Monday, July 18, 2022

Two Black Rubber Lines

Two black rubber lines wibbly wobblying beneath a window washer high up on the Paul G. Allen Center for Computer Science and Engineering cat’s claws piercing my knee through my jeans begging for those glistening goopy little cubes of tuna she goes crazy over it amazes me they’re still finding fish one quarter of all marine life relies on coral and the coral is dying a warming planet means a warming ocean which triggers bleaching escalating carbon dioxide emissions being absorbed into the oceans is already threatening the entire food chain if I could go backward into the past the first thing I’d do is saddle a horse I’m happiest when I’m headed toward some place abundant calm and voluptuous and free of dystopic zombie apocalypse automatons shopping and messaging and streaming Justin Bieber and so my thoughts often turn nostalgically to the past France in the Belle Époque Erik Satie Henri Matisse a woman fresh from a bath holding a towel naked on a red carpet in Nice here at home marooned in the new century I still have Stein and Joyce and Tristan Tzara black wool hat on a white pitcher two more one green one brown in the bowl in which the pitcher resides it’s the kind of pitcher and bowl you might see in the hotel room of a gunslinger circa 1879 coldness of the floor in the laundry room through a pair of thick socks a colossal chunk of high rock cliff crashing down on leisure boats in the cove of a Brazilian lake killing ten tourists officials suggested the wall coming loose could have been related to the heavy rains that caused flooding in the state and forced almost 17,000 people out of their homes last two tablets of antacid come clattering out I notice a bit of powder at the bottom of the bottle ultra strength calcium carbonate 1000 mg chewable immediate relief of acid indigestion and heartburn assorted berry flavors between 2002 and 2020 Greenland shed an average of 279 billion metric tons of ice per year adding to global sea level rise and the disappearance of the Solomon Islands and Maldives and Micronesia and Fiji and Seychelles and Florida Keys the unvaccinated are the new untouchables they’re like poets funny the way those southern rock groups look like outlaws the indigo hills turning dim with hymns of wind I have sometimes felt evaporated and floated in reverie like an eel of tidings in a bowl of stars  


Wednesday, July 13, 2022

Drip Drop


What’s the cosmos up to today floating in oblivion or smiling at the moon I’m up to my ears in omens sea rise volcanic eruptions hurricanes tornados floods and famine such is life on Planet Earth in the twenty-first century shards of nostalgia lay at my feet white anchor sunk in green clover by the Swiftsure Yacht Company paint flaking bits of rusty anchor visible the reality underneath it’s always there you have to know how to look for it this is why poetry is a noetic practice gentle rise of U.S. flag in front of Boat World westerly breeze off Seattle’s Lake Union Seattle Gasworks Plant still stands at its northern end which shut down in 1956 and opened as a park in 1975 there remains thousands of yards of arsenic laced mud at the bottom of Lake Union and an underground plume of benzene was burned off in late 2000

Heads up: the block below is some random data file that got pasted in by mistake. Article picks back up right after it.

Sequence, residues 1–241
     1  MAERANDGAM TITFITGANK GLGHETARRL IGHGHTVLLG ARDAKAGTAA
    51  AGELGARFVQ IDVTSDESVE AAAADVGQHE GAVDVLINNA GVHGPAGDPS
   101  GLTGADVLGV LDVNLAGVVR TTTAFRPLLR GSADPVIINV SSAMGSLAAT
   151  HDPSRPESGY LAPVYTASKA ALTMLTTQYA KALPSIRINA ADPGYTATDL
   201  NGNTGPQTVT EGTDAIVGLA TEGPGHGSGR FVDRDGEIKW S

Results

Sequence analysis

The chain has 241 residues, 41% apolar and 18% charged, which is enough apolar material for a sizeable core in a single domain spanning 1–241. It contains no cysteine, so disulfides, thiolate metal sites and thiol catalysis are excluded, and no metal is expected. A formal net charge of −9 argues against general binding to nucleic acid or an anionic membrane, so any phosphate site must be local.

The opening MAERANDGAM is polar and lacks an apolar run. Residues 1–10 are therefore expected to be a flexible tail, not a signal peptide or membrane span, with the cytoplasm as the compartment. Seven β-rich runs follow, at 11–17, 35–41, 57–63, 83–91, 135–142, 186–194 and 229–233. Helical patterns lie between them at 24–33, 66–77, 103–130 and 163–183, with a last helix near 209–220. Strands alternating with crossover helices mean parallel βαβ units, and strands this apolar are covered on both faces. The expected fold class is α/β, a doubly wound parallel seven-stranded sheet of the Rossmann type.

Soft crepuscular light on mounds of snow in the Turtle Mountains of North Dakota dad’s watercolor hanging on our bedroom wall if nostalgia is a place of illusion what is remorse data gathered by the World Glacier Monitoring Service from 1980 to 2012 shows twenty-five consecutive years of negative mass balances for glaciers around the globe since 1974 the terminus of Alaska’s Gulkana glacier has lost 500 feet of thickness Wickersham Wall on Denali’s north heavily glaciated face is seeing its glaciers calving off leaving behind exposed rock drip drop drip drop drip drop these are nonlinear changes that aren’t based on a simple proportional relationship between cause and effect

Does reality even exist or is it a product of language Keith Richards’ wheezy laugh the aggregate of multiple nonlinear changes is enormous in orders of magnitude there’s something about a blue light I find wistful sad and dreamy this is a function of being drip drop drip drop  what’s a word it’s the copy in sound of a nerve stimulus remarked Nietzsche endearing the way cats rub their heads on things you like things that catch your interest they like it because you like it Lew Welch in a deerskin coat dark pensive eyes mouth closed in what is almost a smile hunched in shamanic bemusement they never did find his body 


Friday, July 1, 2022